In my discussion of Peruvian stations, I noted several examples of negative urban adjustments. A couple of readers inquired as to whether there were any examples of the opposite effect. In fact, Hansen et al 1999, the primary reference for the present-day GISS adjustment methodology provides using two such examples (the only ones discussed): Phoenix and Tokyo. Here is their Figure 3 showing the adjustment process for both sites. Hansen provided the following discussion of these sites:
The measured and adjusted temperature records for Tokyo and Phoenix are shown in Figure 3. These are among the most extreme examples of urban warming but they illustrate a human influence that can be expected to exist to some degree in all population centers. Tokyo warmed relative to its rural neighbors in both the first and second halves of the century. The true nonclimatic warming in Tokyo may be even somewhat larger that suggested in Figure 3 because some “urban” effect is known to occur even in small towns and rural locations [Mitchell 1953; Landsburg 1981]. The urban effect in Phoenix occurs mainly in the second-half of the century. The urban-adjusted Phoenix record shows little temperature change.
Hansen et al 1999 Figure 3. (a, b) Measured time series of temperature for Tokyo, Japan, and for Phoenix, Arizona; (c, d) adjustments required for linear trends of measured temperatures to match rural neighbors for the periods before and after 1950; and (e, f) adjusted (homogenized) temperatures.
As an exercise, I updated Hansen et al 1999 Figure 3 using current GISS values for Phoenix and Tokyo, shown in the figure below, drawn after the style of the earlier figure. The Phoenix adjustment has been reduced slightly in the earlier portion of the series by about 0.3 deg C, resulting in a slightly increased adjusted Phoenix trend relative to 1999. My guess is that the increased Phoenix adjustment results from changes in the USHCN adjustments between 1999 and 2001. These changes ended up increasing the trend in the USHCN network – and presumably the trend in Code 1 stations used as a comparandum for Phoenix was also increased.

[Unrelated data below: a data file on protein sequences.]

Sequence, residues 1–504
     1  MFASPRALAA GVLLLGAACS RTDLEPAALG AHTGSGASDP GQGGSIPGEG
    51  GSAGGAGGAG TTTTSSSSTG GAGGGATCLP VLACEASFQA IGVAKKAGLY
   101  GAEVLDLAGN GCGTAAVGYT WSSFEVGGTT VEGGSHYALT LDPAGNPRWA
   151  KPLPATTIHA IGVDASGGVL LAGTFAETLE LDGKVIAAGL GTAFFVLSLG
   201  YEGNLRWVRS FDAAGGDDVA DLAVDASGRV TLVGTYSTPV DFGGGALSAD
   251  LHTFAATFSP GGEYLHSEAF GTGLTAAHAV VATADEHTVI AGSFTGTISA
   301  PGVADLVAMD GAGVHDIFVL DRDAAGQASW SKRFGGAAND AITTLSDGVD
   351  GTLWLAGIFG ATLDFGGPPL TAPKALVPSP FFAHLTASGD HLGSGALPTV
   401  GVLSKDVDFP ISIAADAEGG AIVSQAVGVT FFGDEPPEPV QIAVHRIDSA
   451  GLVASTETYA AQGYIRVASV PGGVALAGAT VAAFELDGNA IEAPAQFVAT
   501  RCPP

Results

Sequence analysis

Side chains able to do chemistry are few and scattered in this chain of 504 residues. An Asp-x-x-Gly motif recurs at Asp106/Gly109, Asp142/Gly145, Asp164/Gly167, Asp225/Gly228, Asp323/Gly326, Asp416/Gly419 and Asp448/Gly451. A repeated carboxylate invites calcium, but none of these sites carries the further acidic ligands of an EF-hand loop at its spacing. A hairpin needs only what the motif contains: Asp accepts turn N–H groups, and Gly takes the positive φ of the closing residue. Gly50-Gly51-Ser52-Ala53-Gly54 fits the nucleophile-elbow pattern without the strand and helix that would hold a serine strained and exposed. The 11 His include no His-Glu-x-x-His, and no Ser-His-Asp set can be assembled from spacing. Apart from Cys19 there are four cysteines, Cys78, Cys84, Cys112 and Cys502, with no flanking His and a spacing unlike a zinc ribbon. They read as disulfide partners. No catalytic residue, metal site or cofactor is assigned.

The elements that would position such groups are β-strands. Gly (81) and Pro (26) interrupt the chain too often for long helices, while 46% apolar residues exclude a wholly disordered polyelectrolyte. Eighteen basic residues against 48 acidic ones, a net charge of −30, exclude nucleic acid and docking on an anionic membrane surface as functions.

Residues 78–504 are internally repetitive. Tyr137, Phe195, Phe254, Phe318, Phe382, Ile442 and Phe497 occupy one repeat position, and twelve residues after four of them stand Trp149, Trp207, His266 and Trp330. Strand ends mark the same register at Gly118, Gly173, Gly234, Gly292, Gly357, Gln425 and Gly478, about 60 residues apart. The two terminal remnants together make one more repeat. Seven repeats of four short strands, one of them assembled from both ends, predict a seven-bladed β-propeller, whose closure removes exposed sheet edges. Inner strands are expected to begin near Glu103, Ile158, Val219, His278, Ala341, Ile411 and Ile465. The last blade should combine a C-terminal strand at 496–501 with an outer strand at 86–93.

There has been a slightly larger reduction in the Tokyo adjustment – the current adjustment at 1905 is about 1.2 deg C, while the 1905 adjustment in the 1999 version looks to be about 1.7 deg C – for an reduction in UHI adjustment of about 0.5 deg C between 1999 and 2007. In addition, the adjusted series has been shortened from an 1885 start to a start around 1905. In both cities, the adjusted trend is higher in 2007 than it was in 1999.
I’m not suggesting any malfeasance – I presume that both these effects occur from the operation of the GISS algorithm; but exactly why the algorithm has produced such changes seems to be a relevant question and one that is not discussed anywhere by GISS.
I also checked the rankings of Tokyo and Phoenix among all UHI adjustments – ranking by the largest total adjustment for each station. In the present network, Phoenix ranks 3rd overall and, is, as Hansen says, an “extreme” case. Tokyo is in the top 80 or so, but is not in the top 10.
In my earlier post on Peruvian stations, I identified some high negative UHI adjustments and have been criticized for selecting extreme cases to discuss. I disagree with this comment from the point of view of data analysis, something that I pride myself on: analysis of extreme cases helps groundtruth any algorithm to see whether it makes sense. It’s something that I routinely do this on many data sets. In this case, Hansen had already done analysis of extreme positive cases and was able to develop a highly plausible interpretation of the results.
Interpreting the negative urban adjustments is more challenging – I’ll return to this tomorrow.